12 Ways to Get Your Head Straight
You know that feeling you get when, brilliant as you almost always are, the words refuse to organize themselves into anything more than just ordinary? When the to-do list on your desk threatens to rise up and take over? When it seems that, in trying to please too many, you have pleased absolutely no one?
Yep, that’s stress.
Maybe It’s Time for Fine-tuning
Here’s something that might help. This is a list of 12 steps — both mighty and mini — that you can take to shake off the crazies and get yourself back to a balanced way of being.
1. Align the work you do with your personal values and career goals. Too often we fail to notice that the psychic pain we feel relates to the fact that we don’t enjoy the work we do. Spend time examining when you have fun at work and when you don’t. Get more of the type of work you enjoy into your life. This could mean delegating work to others, changing your practice focus or even moving out of the practice of law.
2. Lead a balanced life. A burned-out lawyer is no help to anyone. Make sure your life includes the appropriate (for you) equation of self-care, family, work, community and spiritual time.
3. Manage yourself and your commitments. Exercise your “no” muscles. Just because someone wants your time and involvement doesn’t mean you must sacrifice to deliver it. Choose to do things you want to do.
4. Value relationships. Surveys have repeatedly shown that one of the greatest sources of lawyers’ stress is a feeling of isolation. Don’t put racquetball with a friend or a conversation with a troubled peer at the bottom of your priority list. Positive human interaction feeds the soul, gives you perspective and reduces your stress indicators.
5. Be an advocate, not a critic. It is so important to be “for” something. Feel the power of making good things happen in the world. Serve your clients well by showing them how they can do something instead of focusing only on what they can’t do.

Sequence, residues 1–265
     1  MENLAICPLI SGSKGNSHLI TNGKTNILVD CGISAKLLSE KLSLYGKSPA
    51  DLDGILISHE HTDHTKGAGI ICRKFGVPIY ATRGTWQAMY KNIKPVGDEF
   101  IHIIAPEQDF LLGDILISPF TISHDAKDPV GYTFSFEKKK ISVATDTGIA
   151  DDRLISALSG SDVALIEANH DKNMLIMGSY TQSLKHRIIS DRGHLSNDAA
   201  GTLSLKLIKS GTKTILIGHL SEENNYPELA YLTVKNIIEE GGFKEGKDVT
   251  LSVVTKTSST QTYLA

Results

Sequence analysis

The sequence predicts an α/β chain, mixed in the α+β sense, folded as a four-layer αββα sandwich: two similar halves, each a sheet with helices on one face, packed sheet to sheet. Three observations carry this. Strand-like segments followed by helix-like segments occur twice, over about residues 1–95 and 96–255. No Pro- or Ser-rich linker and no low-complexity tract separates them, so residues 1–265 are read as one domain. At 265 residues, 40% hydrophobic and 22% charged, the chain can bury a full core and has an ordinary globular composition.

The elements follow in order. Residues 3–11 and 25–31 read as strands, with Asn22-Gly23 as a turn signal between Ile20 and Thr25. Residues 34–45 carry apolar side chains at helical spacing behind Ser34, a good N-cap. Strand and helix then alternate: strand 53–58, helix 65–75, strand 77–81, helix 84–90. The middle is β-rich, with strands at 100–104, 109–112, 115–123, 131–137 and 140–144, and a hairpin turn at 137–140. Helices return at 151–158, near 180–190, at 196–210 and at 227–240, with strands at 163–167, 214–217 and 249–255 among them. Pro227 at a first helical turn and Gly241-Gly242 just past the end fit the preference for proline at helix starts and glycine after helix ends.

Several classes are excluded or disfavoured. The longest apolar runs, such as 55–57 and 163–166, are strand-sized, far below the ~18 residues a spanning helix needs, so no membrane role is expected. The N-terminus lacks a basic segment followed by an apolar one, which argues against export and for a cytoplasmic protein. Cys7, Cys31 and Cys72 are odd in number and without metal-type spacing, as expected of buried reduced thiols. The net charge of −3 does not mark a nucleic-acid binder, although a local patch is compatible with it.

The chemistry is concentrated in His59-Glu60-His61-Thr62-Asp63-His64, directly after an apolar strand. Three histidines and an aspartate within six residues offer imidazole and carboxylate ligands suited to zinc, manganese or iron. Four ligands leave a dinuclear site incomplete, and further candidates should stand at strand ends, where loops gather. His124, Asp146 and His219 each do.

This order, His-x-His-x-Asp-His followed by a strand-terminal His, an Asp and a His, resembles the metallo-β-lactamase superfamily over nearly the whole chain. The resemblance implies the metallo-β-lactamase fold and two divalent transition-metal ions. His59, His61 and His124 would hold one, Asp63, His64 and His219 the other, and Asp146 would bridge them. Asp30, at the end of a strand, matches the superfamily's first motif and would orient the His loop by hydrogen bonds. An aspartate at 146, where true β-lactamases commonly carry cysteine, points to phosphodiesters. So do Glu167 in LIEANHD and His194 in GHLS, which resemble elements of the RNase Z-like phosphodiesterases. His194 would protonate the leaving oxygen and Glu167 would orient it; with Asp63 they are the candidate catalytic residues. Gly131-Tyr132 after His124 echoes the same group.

6. Mentor. Give back to the profession that called you. Spend time with less-experienced lawyers. Be a strong but kind coach for the newer members of the team. Teach a class. Tell stories. Share your insight. Be a role model.
7. Have a vision for your life. Once each year, take yourself on a daylong planning retreat. Examine your life ruthlessly. This is where it is at now. Is this how you wanted it to be? If not, what’s missing and how can you find it? What do you want more of? Less of? Develop a simple plan to move your life in your chosen direction. Share your plan with a spouse or loved one. Commit.
8. Be who you are everywhere you go. If you feel you must leave who you really are in the parking lot before entering the office or meeting with a client, that feeling is telling you something. Consciously donning a different persona means what you’re up to doesn’t fit comfortably. Something needs to change. It’s such a relief when you can just be you.
9. Do nice things for people. Surprise someone in your life with a gift. Go out of your way to make a special introduction for a client. Pay a compliment. Teach a child to ride a bike. Do it just because it feels good to see them smile.
10. Broaden your horizons. Allow your intelligence to wander — and play — beyond the borders of the profession. Read history. Write poetry. Learn about foreign cultures. Paint. Take a class in microbiology. Become expert in something fascinating. Apply your newfound perspective in the practice of law.
11. Do things because they’re the right things to do. Stressed within an inch of your sanity by “billable hours requirements”? Ask yourself whether “billing hours” really serves anyone well. Think about different ways to price your services. Reward yourself for quality, not quantity. Analyze your reasons for doing all sorts of things. Get comfortable with answers you can live with.
12. Laugh. Go on, lay back in your chair, open your mouth wide and luxuriate in a good old-fashioned belly laugh every once in awhile. It’s rejuvenating!
Merrilyn Astin Tarlton is the author of the new Attorney at Work book "Getting Clients: For Lawyers Starting Out or Starting Over." She has been helping lawyers and law firms think differently about the business of practicing law since 1984. She is a founding member of the Legal Marketing Association, an LMA Hall of Fame inductee, and a past President of the College of Law Practice Management. Merrilyn was a founding partner of Attorney at Work. Learn more about Merrilyn here and follow her on Twitter @astintarlton.
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